Can President-elect Trump bind the wounds of division?

Steve Corbin

America’s most contentious, cantankerous and vitriolic presidential election has finally ended. Hallelujah.

Post-election research, replete the way Americans felt on the morning of Nov. 9, was as dark and foreboding as the day after the 1860 election (i.e., four-way race between Abraham Lincoln, Stephen Douglas, John Bell and John Breckinridge) when American’s spirit was divided into the North versus the South.

n Many unreasonable, childish and self-centered citizens will be unable to forget Hillary and Donald’s platitudes, faux pas moments and insults. Mature voters know NOW is the time to put assertions aside and act like responsible adults.

In Donald J. Trump’s election night acceptance speech, he said, “it is time to bind the wounds of division.” Let’s start with Congress.

Democrats remember Sen. Mitch McConnell’s (Rep.-Kentucky) edict on the evening of Barack Obama’s 2009 inauguration to make Obama a one-term president by obstructing his agenda. This blatant divisiveness lasted, at the public’s expense, for eight long years. Democrats must not emulate McConnell’s immature act of obstructionism with President-elect Trump.

We must recognize Congress, and NOT the president, initiates and passes laws and budget appropriations before a president can approve or veto legislation and authorize expenditures. So, has the root of America’s problem of being in a slow-to-no growth pattern for the past seven or eight years resided with president Obama or Congress? Political historians will most likely suggest the preponderance of guilt lies with Congress.

To “bind the wounds of division,” I propose that every Iowa registered voter contact Senators Grassley and Ernst and Representatives Blum, King, Loebsack and Young and insist they work during the 115th (2017-2019) and 116th (2019-2021) Congress with Trump and their across-the-aisle counterparts in the spirit of cooperation, bipartisanship, decency and respect.

n There is only one win-win resolve for Trump: as an experienced negotiator, he must frequently meet with Democrat leaders to determine where there are areas of agreement, convince Republicans to cooperate with their across-the-aisle peers on these topics and relentlessly keep on meeting to iron out compromise where differences exist. Perseverance with patience and empathy will be Donald’s ally.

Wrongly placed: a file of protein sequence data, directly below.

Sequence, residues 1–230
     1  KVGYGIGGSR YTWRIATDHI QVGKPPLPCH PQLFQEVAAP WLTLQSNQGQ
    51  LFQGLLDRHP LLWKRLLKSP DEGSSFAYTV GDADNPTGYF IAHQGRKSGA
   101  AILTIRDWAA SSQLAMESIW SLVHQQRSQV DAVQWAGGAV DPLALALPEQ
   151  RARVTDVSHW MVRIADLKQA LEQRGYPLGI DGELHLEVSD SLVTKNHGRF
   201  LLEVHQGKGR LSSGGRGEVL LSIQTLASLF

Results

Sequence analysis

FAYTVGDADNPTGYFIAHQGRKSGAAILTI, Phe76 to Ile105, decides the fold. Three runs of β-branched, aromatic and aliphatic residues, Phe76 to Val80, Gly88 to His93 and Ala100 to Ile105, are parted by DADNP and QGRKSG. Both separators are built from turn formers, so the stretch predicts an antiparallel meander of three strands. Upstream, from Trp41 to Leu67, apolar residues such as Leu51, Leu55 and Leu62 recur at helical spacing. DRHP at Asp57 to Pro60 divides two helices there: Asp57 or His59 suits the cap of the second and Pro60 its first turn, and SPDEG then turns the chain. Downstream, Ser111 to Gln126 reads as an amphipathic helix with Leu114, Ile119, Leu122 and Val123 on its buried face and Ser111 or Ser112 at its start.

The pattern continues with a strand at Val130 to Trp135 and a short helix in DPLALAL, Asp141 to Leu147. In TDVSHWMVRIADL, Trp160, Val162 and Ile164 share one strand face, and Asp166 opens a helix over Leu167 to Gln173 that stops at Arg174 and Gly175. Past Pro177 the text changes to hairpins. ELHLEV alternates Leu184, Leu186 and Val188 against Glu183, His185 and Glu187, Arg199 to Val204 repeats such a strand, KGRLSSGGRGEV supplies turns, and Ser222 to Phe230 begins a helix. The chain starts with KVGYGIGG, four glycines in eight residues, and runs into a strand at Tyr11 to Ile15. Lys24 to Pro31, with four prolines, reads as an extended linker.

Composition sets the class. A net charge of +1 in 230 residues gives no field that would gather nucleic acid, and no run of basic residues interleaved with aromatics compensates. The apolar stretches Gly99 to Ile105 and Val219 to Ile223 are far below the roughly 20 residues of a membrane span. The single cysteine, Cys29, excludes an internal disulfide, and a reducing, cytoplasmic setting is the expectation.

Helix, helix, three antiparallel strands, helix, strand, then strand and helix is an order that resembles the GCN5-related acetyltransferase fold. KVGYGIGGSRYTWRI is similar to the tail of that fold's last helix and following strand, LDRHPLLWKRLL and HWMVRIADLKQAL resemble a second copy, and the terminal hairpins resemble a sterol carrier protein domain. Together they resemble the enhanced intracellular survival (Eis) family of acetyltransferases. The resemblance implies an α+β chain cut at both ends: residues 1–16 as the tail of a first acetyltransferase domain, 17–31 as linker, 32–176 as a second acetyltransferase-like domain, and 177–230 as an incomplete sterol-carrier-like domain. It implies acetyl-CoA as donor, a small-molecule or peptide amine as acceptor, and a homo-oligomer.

Now, on the other hand, should Trump pursue a one-sided partisan agenda, that will only enhance the current gridlock and status quo will be a certainty for four more years.

Trump already has a golden opportunity to work with over 80 Democrats and Republicans in Congress who have signed onto House Resolution 207 and Senate Resolution 199. These identical bipartisan initiatives call for the creation of a National Strategic Agenda focused on four goals: 1) balance the federal budget by 2030, 2) secure Social Security and Medicare funding for the next 75 years, 3) make American energy-secure by 2024 and 4) create 25 million net new jobs over the next 10 years.

n Probably very few Americans realize Donald Trump pledged to support the National Strategic Agenda; his opponent, Hillary Clinton, did not endorse the concept.

Congressional leaders have already said they are on board to tackle five other significant economic issues with the new president: individual tax reform, corporate tax reform, criminal justice reform, regulatory reform and immigration reform.

And, interest rates are in Trump’s favor. The cost to service the interest and principal on the national debt has fallen to its lowest level in 50 years. Low interest rates give Trump and Congress an opportunity to boost infrastructure, education, workforce development and entrepreneurship.

With our 535 elected representatives earnestly cooperating and actually working-across-the-aisle, Trump’s legacy as the 45th president could go down as the Era of Bipartisan Compromise. Please join me in holding Sen. Grassley, Sen. Ernst, Rep. Blum, Rep. Loebsack, Rep. Young and Rep. King accountable for bipartisanship behavior and let’s pledge to “kick the bums out” should they behave in an unreasonable, childish, self-centered and obstructionist manner.


Steve Corbin is professor emeritus at the University of Northern Iowa and a graduate of Nevada High School.